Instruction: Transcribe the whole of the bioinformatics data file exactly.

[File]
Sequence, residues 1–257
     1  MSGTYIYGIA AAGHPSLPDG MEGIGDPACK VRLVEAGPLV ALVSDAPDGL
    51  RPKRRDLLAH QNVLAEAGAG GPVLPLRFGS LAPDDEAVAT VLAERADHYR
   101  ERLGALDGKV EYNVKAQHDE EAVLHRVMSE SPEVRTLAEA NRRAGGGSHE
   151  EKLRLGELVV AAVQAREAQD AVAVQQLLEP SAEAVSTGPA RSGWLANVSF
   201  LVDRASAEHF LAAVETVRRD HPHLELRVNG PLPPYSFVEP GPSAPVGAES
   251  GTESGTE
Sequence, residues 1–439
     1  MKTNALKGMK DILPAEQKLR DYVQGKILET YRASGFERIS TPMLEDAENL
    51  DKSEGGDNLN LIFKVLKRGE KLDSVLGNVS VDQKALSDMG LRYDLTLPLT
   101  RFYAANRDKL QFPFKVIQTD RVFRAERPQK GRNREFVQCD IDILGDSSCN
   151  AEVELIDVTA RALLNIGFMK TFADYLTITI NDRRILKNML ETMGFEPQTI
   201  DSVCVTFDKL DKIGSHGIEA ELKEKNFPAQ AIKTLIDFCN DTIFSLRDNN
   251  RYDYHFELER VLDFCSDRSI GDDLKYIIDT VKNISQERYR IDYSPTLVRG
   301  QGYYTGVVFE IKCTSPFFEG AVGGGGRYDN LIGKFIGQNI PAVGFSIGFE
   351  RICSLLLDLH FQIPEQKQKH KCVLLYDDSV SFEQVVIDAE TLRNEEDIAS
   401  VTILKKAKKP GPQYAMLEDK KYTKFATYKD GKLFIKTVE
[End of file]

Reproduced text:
Sequence, residues 1–257
     1  MSGTYIYGIA AAGHPSLPDG MEGIGDPACK VRLVEAGPLV ALVSDAPDGL
    51  RPKRRDLLAH QNVLAEAGAG GPVLPLRFGS LAPDDEAVAT VLAERADHYR
   101  ERLGALDGKV EYNVKAQHDE EAVLHRVMSE SPEVRTLAEA NRRAGGGSHE
   151  EKLRLGELVV AAVQAREAQD AVAVQQLLEP SAEAVSTGPA RSGWLANVSF
   201  LVDRASAEHF LAAVETVRRD HPHLELRVNG PLPPYSFVEP GPSAPVGAES
   251  GTESGTE
Sequence, residues 1–439
     1  MKTNALKGMK DILPAEQKLR DYVQGKILET YRASGFERIS TPMLEDAENL
    51  DKSEGGDNLN LIFKVLKRGE KLDSVLGNVS VDQKALSDMG LRYDLTLPLT
   101  RFYAANRDKL QFPFKVIQTD RVFRAERPQK GRNREFVQCD IDILGDSSCN
   151  AEVELIDVTA RALLNIGFMK TFADYLTITI NDRRILKNML ETMGFEPQTI
   201  DSVCVTFDKL DKIGSHGIEA ELKEKNFPAQ AIKTLIDFCN DTIFSLRDNN
   251  RYDYHFELER VLDFCSDRSI GDDLKYIIDT VKNISQERYR IDYSPTLVRG
   301  QGYYTGVVFE IKCTSPFFEG AVGGGGRYDN LIGKFIGQNI PAVGFSIGFE
   351  RICSLLLDLH FQIPEQKQKH KCVLLYDDSV SFEQVVIDAE TLRNEEDIAS
   401  VTILKKAKKP GPQYAMLEDK KYTKFATYKD GKLFIKTVE